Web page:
The fact that tobacco smoke inhaled by smokers harms the smokers does not prove that the much smaller amount of tobac...

Theresaturner on September 22, 2015

Please explain

I got the answer correct but can you explain why D is incorrect

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Naz on September 29, 2015

As explained in the thread above, the argument follows the reasoning that just because something is bad in large quantities doesn't mean that it is bad in small quantities as well, and then we are given an example to show this.

Answer choice (D) is not about something being detrimental in large quantities as opposed to small quantities. Instead it makes more of a part to whole argument explaining that just because five people like a product, that does not mean the population as a whole will like it.

Hope that clears things up! Please let us know if you have any other questions.

Maroun on March 4, 2019

Hello Melody,
answers A, B, and C seem to follow the reasoning that if something is bad in large quantities, it does not mean it is bad in small quantities as well. This is the line of reasoning, so why would it even matter if it is followed by an example?

Ravi on March 11, 2019


Great question. The general reasoning of (A), (B), and (C) are similar
to the stimulus, but the examples used to illustrate their points are
different from the example in the stimulus. The reason it matters that
the example in the answer choice correctly mirrors the example in the
stimulus is because the example is part of the support for the overall

The stimulus provides us with an analogy between smoking tobacco and
vitamins, where vitamins are used to support a point about smoking.
The stimulus is basically saying that lots of smoking is harmful, but
this doesn't mean that a little bit of smoke inhaled by nonsmokers is
harmful to some degree. Consider that a lot of vitamin A is harmful,
but a little bit of it is actually good for you.

In other words, it's saying "Lots of X can result in a certain effect,
but this does not necessitate that a little of X would produce the
same type of effect, only less pronounced. Consider that lots of Y has
a certain effect, but a little bit of Y actually produces the opposite
type of effect."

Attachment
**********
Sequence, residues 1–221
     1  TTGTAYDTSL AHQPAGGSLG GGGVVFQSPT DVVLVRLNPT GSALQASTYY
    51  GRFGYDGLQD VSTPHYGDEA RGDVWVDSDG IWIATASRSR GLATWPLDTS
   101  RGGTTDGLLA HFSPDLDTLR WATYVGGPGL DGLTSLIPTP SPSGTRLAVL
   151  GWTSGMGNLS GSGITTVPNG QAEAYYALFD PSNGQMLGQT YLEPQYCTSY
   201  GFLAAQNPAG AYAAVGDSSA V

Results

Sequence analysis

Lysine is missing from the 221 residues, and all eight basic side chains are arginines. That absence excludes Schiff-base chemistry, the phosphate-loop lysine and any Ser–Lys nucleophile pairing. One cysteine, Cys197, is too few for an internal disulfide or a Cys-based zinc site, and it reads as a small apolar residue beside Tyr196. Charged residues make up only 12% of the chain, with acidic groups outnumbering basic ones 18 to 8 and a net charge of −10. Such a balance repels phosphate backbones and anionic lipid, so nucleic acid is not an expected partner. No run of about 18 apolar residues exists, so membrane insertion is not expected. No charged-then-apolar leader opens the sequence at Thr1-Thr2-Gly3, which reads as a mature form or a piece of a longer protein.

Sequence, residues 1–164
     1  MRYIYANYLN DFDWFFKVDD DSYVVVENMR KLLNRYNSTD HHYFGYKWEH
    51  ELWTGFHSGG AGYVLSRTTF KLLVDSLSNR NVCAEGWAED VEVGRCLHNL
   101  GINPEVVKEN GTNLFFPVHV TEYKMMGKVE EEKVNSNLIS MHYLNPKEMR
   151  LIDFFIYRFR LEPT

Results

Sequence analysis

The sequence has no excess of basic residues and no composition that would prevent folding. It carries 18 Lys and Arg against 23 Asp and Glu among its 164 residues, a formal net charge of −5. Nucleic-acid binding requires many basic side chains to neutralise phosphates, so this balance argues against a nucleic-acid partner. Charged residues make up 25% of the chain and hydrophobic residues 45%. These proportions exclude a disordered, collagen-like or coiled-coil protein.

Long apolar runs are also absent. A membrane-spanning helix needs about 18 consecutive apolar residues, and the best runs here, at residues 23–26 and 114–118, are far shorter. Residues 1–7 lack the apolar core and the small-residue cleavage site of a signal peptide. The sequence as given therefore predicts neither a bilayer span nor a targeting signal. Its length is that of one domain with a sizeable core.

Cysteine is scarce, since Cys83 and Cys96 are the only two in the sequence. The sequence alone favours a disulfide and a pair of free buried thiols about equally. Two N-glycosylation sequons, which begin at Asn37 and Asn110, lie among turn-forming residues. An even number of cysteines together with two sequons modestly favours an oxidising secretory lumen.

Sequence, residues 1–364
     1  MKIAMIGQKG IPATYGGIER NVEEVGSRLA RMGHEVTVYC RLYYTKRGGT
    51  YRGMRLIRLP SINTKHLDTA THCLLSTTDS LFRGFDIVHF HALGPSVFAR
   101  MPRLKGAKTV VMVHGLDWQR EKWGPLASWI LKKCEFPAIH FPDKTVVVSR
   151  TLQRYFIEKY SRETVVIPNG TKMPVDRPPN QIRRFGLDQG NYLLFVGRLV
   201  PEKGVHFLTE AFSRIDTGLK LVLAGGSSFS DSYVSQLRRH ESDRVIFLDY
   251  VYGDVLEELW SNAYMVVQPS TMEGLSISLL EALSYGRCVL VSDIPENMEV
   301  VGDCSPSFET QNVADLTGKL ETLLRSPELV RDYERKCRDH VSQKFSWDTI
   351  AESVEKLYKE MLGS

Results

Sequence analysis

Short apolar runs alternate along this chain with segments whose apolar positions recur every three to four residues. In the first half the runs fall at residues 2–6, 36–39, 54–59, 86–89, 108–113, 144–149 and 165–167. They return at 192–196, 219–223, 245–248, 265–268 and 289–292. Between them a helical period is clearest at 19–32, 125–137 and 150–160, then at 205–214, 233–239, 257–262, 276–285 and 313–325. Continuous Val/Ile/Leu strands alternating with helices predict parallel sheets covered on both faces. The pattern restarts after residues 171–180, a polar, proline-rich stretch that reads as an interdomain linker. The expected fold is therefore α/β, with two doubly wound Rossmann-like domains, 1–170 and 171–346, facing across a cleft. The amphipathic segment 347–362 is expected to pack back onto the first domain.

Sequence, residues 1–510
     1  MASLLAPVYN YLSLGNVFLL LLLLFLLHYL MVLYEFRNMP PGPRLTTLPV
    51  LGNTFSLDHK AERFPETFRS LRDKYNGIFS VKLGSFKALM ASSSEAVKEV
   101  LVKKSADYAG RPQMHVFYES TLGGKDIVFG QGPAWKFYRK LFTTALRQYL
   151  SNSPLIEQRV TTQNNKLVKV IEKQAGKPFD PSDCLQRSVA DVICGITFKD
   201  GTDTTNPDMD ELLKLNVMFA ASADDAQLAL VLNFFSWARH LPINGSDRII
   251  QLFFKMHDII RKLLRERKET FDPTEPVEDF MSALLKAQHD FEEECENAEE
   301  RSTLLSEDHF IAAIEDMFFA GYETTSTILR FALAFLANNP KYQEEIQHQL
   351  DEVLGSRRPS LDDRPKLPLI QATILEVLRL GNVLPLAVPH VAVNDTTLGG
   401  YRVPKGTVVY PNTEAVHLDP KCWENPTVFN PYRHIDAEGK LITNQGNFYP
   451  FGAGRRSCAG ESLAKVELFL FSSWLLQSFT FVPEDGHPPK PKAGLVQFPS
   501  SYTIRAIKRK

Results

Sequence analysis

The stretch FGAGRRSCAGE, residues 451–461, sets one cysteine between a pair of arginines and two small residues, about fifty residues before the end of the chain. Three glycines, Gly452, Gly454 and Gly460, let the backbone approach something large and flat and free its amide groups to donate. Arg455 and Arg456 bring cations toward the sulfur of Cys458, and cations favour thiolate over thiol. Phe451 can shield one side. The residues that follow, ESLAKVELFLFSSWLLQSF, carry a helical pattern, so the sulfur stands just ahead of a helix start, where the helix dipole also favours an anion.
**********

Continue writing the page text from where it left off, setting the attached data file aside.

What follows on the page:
Do you see how the example used in the stimulus is a key component of
the argument structure?

If the example illustrates something different from the example used
in the stimulus, this means that the answer choice has a different
support structure from the stimulus. Let's take a look at each of
these answers—as well as the correct answer choice—to see why they're
wrong and why (E) is correct.

(A) says, "The fact that a large concentration of bleach will make
fabric very white does not prove that a small concentration of bleach
will make fabric somewhat white. The effect of a small concentration
of bleach may be too slight to change the color of the fabric."

The problem with (A) is that its example doesn't illustrate the same
type of point the example in the stimulus does (where if we
consume/use less of something, it actually has the opposite effect).
As a result, we can get rid of (A). Additionally, this argument is
entirely about bleach and doesn't use an analogy in its argument,
unlike the stimulus, which uses an analogy.

(B) says, "Although a healthful diet should include a certain amount
of fiber, it does not follow that a diet that includes large amounts
of fiber is more healthful than one that includes smaller amounts of
fiber. Too much fiber can interfere with proper digestion."

The problem with (B) is that it is only about fiber. It doesn't use
any sort of analogy like the stimulus does. We can, therefore, get rid
of it.

(C) says, "The fact that large amounts of chemical fertilizers can
kill plants does not prove that chemical fertilizers are generally
harmful to plants. It proves only that the quantity of chemical
fertilizer used should be adjusted according to the needs of the
plants and the nutrients already in the soil."

The problem with (C) is that it's all about chemical fertilizers;
because our stimulus uses an analogy to make its point and (C) does
not, it's not similar.

(E) says, "Although watching television for half of every day would be
a waste of time, watching television briefly every day is not
necessarily even a small waste of time. After all, it would be a waste
to sleep half of every day, but some sleep every day is necessary."

(E) matches the stimulus really well. It uses an analogy with
sleep—sleep is harmful in large amounts, but it's good in smaller
doses, and this is used to support the point that watching a small
amount of TV isn't necessarily a small waste of time just because
watching lots of TV is a waste of time. (E) matches everything in our
stimulus really well, so it's the correct answer choice.

Does this make sense? Let us know if you have any questions!